A few months back I noticed a new spice store in the neighborhood. Seeing as how "the neighborhood" I speak of is one Silver Lake Junction, a mish mash of fun but ofttimes expensive stores catering to the tragically hip and excessively moneyed, I'd all but avoided the spice shop, save for the two times I attempted a pop-in in while in the neighborhood and found it closed both times.
But one sunny Saturday morning recently, I found myself at the new cafe next door to the spice store for brunch (a little place called Forage...which was delicious, but see the aforementioned tragically hip and excessively moneyed comment above) and lo and behold, Spice Station was open! So we walked down a charming little outdoor corridor, following the signs to the back patio, and found a airy, deliciously aroma-ed little store that I'd like to someday use as my home-decor muse.
The dude working the front counter couldn't have been more helpful, and explained the whole buying process once we told him it was our first visit. Dozens and dozens of interesting spices and flavored sugars lined the walls, with little jars out for visitors to sniff and sample. Alie and I wandered around in awe, opening jars and oohing and aahing over the varieties.
They also had gift sets, like the salt set that is definitely going on my birthday wish list next year. Alie ended up buying some loose tea, which they carry in excessive varieties, while I walked away with three little bags of exciting stuff.
As soon as I left the store I started plotting the meal I would make utilizing my purchases (which were not at all as expensive as I had imagined). For the balsamic salt, I halved a pound of brussel sprouts and tossed them with cubes of butternut squash and chopped kale. That was mixed with olive oil, fresh ground black pepper, and about two teaspoons (probably a little more) of the salt.
The whole concoction went on a sheet pan, which I sprinkled with even more salt, and into the oven at 350 for about 45 minutes. Once the veggies were nice and caramelized, I tossed them with balsamic vinegar and Parmesan cheese. Holy crap it was good.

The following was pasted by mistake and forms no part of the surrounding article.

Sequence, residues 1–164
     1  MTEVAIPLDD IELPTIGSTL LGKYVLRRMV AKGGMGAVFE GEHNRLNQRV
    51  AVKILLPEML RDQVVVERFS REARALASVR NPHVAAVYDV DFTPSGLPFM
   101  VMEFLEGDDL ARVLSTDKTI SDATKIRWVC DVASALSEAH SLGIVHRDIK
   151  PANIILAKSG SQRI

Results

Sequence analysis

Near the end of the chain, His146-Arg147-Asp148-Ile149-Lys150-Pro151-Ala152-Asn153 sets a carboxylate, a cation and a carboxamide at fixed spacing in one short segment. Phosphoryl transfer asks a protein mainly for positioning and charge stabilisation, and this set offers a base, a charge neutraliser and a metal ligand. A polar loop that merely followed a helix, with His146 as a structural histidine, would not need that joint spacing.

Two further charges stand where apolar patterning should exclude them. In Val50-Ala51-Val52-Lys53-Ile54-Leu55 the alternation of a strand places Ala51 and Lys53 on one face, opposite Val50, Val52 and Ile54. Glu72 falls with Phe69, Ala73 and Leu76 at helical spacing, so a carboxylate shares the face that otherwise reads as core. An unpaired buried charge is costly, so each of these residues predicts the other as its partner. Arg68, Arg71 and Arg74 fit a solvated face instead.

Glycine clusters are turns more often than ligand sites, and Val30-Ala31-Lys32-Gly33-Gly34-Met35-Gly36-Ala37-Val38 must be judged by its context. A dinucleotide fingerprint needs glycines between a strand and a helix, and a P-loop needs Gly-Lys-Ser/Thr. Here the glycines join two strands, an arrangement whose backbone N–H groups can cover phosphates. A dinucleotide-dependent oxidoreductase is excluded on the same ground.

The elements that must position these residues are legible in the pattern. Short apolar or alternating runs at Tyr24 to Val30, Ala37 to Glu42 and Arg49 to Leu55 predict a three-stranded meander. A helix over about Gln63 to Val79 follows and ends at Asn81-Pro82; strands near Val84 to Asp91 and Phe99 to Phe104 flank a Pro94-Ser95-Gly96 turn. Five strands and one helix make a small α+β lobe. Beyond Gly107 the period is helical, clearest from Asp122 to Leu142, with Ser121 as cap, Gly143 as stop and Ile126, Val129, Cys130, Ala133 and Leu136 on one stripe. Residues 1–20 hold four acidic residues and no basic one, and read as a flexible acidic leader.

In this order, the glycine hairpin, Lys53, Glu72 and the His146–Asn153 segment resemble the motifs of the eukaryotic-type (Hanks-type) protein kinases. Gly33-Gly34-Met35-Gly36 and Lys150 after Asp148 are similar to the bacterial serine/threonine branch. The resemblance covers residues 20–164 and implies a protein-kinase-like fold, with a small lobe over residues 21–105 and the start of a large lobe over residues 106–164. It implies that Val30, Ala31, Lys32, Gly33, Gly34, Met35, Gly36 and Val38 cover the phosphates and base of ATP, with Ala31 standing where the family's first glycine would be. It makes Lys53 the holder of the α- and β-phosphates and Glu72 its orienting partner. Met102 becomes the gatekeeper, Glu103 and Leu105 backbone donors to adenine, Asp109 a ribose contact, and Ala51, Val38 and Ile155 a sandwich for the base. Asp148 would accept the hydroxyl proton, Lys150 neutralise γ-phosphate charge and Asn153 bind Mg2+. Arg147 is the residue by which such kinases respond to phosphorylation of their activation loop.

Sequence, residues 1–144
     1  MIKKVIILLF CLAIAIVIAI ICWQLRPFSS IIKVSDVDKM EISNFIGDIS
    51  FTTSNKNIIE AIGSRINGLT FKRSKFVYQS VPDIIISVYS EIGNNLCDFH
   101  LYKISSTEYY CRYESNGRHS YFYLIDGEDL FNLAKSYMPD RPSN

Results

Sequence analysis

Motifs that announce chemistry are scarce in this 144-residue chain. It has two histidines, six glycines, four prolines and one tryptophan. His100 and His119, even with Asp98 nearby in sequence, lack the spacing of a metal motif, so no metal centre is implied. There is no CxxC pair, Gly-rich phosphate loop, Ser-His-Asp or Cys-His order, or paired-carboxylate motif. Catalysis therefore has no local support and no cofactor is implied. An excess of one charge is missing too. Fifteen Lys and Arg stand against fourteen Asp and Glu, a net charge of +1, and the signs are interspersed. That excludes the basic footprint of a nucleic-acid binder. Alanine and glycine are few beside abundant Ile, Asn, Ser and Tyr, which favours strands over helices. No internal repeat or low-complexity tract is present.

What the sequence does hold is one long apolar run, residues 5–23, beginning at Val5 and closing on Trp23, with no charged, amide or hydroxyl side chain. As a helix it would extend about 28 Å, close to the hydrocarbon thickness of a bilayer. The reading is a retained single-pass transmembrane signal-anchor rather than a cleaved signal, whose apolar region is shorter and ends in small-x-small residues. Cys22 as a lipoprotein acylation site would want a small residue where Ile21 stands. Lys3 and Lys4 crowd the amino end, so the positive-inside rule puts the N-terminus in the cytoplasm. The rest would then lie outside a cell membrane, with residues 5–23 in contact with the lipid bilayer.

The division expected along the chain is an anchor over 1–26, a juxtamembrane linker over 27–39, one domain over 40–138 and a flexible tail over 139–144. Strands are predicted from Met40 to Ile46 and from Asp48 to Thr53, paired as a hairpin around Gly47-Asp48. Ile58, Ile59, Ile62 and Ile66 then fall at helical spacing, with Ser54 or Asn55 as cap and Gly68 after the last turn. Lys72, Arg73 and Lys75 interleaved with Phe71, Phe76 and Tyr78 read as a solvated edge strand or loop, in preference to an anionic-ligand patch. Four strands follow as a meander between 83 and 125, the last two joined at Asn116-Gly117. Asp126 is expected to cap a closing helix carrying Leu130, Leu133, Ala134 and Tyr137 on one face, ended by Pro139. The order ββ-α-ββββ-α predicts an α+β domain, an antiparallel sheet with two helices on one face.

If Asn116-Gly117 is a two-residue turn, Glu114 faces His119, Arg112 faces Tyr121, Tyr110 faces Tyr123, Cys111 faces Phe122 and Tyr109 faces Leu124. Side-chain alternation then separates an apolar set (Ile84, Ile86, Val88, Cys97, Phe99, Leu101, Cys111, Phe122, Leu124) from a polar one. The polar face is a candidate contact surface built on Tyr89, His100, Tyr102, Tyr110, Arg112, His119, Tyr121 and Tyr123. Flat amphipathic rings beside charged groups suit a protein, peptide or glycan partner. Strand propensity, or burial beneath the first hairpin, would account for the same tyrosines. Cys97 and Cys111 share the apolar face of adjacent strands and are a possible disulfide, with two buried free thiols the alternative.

I left the hot pepper salt (the Ghost Pepper being the hottest pepper on the planet and me being a big pansy when it comes to spicy stuff) in the capable hands of Colin. He squeezed the juice of two limes, chopped about an inch of fresh ginger, and splash of olive oil and put that over low heat. Next he added about a teaspoon of the ghost pepper salt and gave it a minute on the heat to mingle. He then poured the mixture atop some cooked shrimp, which were skewered and wrapped in tin foil to marinate.
Then he grilled that shit, because he is in love with his grill and will not pass up an opportunity to cook something on his grill. Note: I am perfectly okay with this, as got-dayum, food tastes so much better when cooked on a nice grill.
For the toasted coconut sugar, the very first thing that popped into my head was: CREME BRULEE. And yes, it was in all caps because I just get that excited about creme brulee. Have you ever made it? It's deceivingly simple to prepare, although it does require some patience, a few extra dirty dishes, and a couple more steps than a simple dessert usually would. But my god it's worth it.
After making the coconut custard itself and refrigerating the little ramekins for a few hours, I sprinkled more coconut sugar than the recipe called for because I am Georgia and sugar is my favorite vice.
My motto has always [just now] been "why use a creme brulee torch when your best friend has a blow torch she's willing to let you borrow in exchange for a ramekin of delicious, delicious creme brulee?"
The meal was a complete success, with every dish yummier than the next. I can't wait to hit up the spice store again and fill my spice rack with new and exciting flavors. Maybe I'll even make it a weekly thing, and start reoccurring Spice Mondays posts. Hell, I've already used the leftover spices and sugar in pretty much everything I've cooked since. Wee!